Limited gender options

What on earth is this nonsense doing in Scientific American?

Nonbinary Scientists Want Funding Agencies to Change How they Collect Gender Data

The title might as well be Tooth Fairy Scientists Want Funding Agencies to Change How they Collect Fairy Data.

Every year, the National Science Foundation (NSF) and the National Center for Science and Engineering Statistics (NCSES) send a series of surveys to students and researchers around the country. The surveys are used to monitor changing demographics and track levels of financial support for scientific research, and filling them out is required for anyone who receives NSF funding. There are limited gender options in these surveys: male, female and, on some surveys, “do not wish to disclose.”

That’s because female and male are all there are. The issue is what sex people are, and there are only two. You don’t need extra “gender options” for tigers or whales or birds so why would you need them for humans? There are only two.

As scientists who exist outside the gender binary, many of us do wish to disclose our gender, but are unable to do so because these terms do not reflect our identities. 

But you don’t “exist outside the gender binary.” You’re female or male; that’s it. You may think you’re special and interesting, but that’s a different subject, and of no interest or relevance for tracking demographics. People’s luxury “identities” are a social, cultural, political matter, but not a scientific one. Scientists of all people should know the difference.

Nonbinary scientists and other scientists outside the gender binary experience gender beyond the typical man-and-woman dichotomy, and often identify as transgender.

But the issue is what sex you are, and what you think you “experience” is beside the point. You are either female or male. How you experience that is of deep interest to you but not to anyone else.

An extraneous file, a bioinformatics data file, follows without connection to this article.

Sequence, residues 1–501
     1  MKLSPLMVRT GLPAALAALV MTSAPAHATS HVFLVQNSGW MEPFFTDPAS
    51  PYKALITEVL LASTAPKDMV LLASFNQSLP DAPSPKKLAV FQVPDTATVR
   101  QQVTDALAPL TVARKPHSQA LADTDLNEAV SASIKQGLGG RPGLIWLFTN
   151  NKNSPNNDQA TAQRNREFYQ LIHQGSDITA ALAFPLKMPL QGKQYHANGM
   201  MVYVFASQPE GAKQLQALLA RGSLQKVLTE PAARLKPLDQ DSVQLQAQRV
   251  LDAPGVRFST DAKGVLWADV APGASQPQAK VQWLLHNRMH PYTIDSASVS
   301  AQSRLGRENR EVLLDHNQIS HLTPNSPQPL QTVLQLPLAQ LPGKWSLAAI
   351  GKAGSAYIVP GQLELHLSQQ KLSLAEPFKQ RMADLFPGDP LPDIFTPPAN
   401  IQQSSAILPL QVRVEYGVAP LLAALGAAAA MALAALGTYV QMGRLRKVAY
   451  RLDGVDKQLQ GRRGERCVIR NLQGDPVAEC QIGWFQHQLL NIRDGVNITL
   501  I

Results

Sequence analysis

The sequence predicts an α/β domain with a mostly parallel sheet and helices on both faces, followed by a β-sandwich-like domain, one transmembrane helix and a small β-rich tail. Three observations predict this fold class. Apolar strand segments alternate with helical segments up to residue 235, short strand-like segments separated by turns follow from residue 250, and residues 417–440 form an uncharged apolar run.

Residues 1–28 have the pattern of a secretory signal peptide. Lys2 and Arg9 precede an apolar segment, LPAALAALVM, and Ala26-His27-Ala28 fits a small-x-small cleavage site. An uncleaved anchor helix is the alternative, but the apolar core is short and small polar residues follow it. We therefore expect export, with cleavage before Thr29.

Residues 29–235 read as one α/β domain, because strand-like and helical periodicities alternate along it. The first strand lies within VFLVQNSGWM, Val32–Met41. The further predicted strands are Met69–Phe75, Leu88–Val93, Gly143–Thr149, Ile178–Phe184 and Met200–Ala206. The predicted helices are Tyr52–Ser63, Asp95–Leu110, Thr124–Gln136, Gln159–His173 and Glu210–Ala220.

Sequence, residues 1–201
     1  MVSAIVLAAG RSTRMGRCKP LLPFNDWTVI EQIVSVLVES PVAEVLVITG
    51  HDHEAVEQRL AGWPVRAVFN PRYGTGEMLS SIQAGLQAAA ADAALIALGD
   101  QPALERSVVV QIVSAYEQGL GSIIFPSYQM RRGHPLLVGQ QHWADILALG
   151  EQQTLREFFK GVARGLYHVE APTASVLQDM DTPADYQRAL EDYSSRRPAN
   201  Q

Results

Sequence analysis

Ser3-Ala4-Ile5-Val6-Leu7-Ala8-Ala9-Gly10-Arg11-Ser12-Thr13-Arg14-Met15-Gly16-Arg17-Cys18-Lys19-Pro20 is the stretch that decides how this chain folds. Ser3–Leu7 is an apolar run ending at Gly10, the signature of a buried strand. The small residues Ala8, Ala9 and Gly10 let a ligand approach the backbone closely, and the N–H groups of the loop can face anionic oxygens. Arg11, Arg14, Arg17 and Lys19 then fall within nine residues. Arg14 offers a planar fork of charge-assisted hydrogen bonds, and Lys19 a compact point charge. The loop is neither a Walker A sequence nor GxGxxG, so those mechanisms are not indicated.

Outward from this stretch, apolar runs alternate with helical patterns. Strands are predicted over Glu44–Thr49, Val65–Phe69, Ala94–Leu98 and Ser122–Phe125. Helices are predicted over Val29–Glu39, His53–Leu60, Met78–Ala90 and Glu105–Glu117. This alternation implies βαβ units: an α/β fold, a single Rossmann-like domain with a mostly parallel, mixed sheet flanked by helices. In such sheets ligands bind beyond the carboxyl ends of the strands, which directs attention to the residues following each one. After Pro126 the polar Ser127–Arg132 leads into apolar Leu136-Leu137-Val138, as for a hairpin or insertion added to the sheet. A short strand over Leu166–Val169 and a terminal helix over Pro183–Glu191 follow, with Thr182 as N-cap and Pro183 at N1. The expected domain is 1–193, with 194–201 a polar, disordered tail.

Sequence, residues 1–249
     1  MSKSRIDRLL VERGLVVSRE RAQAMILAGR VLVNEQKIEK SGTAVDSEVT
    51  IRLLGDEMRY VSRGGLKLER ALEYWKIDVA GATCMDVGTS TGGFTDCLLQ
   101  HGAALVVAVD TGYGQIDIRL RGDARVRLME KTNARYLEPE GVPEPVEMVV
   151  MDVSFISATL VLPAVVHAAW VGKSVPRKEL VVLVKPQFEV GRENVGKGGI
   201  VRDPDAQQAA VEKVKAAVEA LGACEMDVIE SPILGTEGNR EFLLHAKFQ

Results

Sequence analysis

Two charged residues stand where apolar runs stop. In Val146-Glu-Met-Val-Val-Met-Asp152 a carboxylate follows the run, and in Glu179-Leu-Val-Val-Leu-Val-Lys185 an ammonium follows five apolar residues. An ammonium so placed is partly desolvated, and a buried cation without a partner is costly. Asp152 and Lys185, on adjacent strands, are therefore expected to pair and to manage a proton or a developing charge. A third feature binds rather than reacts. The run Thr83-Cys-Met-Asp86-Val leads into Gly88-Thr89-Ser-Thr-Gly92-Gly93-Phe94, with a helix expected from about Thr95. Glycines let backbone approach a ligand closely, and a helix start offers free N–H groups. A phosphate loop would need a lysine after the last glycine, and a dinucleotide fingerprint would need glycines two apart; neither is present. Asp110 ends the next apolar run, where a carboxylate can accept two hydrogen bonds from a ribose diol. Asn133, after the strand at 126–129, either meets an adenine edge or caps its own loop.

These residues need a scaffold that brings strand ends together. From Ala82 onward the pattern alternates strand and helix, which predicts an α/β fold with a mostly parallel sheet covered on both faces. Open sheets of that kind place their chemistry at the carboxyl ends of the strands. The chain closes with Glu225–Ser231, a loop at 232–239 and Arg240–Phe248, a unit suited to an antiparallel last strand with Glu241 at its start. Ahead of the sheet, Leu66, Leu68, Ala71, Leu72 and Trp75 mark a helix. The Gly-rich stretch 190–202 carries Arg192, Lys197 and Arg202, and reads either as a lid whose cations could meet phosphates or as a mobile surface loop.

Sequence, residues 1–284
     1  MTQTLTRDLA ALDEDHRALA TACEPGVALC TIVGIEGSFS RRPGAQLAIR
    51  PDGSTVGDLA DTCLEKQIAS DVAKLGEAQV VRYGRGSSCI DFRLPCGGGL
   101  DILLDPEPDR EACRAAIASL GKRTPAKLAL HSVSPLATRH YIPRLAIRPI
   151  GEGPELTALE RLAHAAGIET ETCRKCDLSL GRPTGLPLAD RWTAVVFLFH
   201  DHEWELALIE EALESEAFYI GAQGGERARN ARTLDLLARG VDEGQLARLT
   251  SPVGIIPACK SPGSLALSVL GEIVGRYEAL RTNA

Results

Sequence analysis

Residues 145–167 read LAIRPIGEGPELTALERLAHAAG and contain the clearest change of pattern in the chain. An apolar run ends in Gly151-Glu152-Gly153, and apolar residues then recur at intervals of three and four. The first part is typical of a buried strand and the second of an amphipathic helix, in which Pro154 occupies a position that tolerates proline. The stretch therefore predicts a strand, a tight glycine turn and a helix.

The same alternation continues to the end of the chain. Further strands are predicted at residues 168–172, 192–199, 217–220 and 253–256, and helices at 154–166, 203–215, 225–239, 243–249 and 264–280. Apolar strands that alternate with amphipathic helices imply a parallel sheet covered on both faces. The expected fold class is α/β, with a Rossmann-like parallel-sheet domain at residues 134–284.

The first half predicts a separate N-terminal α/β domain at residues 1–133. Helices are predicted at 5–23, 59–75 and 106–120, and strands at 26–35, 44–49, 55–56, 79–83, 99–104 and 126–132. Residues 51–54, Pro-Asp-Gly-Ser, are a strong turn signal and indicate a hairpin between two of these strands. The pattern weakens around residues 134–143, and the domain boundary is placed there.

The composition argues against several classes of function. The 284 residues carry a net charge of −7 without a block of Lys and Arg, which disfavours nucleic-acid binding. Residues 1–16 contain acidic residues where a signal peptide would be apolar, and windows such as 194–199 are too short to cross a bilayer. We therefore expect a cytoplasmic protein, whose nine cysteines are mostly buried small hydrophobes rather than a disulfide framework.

Being unable to accurately report our gender precludes accurate data collection for these organizations, and further marginalizes nonbinary scientists.

No it doesn’t, because what they’re looking for is how many women and men there are. They’re not looking for “accurate data” on how silly faddists claim to “experience” their “gender.”

Nonbinary identities are increasingly common; most nonbinary people are under the age of 29, and members of Gen Z are more than twice as likely to identify as nonbinary, genderfluid or nonconforming than older generations.

And what does that tell you? That young people can be sadly credulous.

It is time for the NSF and the NCSES to update their policies and language to better quantify and support this growing transgender and gender diverse population.

If they want to quantify that for some reason they can add a new question, but what they obviously should not do is ruin their own statistics by changing the existing question into gobbledygook.

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